In Kevin’s case, a very specific path and file was being affected—“program files\widgetmakerpro\wmpro.exe”—so he added an exclusion for that path and file to his antimalware policies. Also, he could have set an override of Virus_Foo/32 and set it to “allow” temporarily. In either remediation scenario, Kevin was able to get the details he needed from the Endpoint Protection reports (or console).

Now that Kevin had excluded the path from antimalware protection, he had to address the clients where Widget Maker Pro had been quarantined so he could restore it. Kevin had previously configured all of his antimalware policies to have a default action of quarantine, so he knew the files were available for restoration. He’d also prepared a “restore” package and program in advance in case this situation ever came up, so he got that process started.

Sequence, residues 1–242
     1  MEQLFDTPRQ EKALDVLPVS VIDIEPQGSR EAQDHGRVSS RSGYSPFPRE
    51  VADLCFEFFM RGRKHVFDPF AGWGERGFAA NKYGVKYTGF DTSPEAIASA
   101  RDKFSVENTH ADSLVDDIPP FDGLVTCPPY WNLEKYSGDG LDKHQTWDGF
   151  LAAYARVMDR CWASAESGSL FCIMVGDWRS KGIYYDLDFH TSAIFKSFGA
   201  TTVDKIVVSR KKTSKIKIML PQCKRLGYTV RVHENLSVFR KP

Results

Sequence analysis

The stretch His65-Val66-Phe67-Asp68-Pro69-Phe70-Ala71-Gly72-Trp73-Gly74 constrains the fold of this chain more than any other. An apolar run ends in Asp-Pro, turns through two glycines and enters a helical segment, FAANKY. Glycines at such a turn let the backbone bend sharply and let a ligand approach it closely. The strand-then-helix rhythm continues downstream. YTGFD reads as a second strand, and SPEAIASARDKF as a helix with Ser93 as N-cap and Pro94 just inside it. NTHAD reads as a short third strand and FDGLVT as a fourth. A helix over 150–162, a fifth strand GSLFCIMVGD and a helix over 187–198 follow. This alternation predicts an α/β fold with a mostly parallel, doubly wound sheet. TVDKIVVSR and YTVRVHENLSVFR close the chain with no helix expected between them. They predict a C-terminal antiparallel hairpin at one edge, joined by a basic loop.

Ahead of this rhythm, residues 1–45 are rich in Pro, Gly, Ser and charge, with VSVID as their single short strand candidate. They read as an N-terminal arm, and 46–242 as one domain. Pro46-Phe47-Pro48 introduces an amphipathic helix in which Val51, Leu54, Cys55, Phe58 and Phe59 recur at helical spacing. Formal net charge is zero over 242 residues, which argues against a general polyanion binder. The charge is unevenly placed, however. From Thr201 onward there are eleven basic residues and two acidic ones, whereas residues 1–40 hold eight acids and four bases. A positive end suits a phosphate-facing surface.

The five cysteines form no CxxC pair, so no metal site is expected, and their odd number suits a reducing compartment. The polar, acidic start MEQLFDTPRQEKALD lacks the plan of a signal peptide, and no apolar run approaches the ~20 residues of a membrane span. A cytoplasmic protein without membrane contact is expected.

The program put the quarantined files back into their working directory. The details of Kevin’s rollback and restore programs are:

The program to restore is: Mpcmdrun.exe –Restore -Name <Malware Name>

The startup folder for this binary is: %programfiles%\Microsoft Security Client\Antimalware

Kevin simply updated the command line in the restore program to the threat name of Widget Maker Pro that was being returned (Virus_Foo/32), and deployed that program to the “All Forefront Desktops” collection.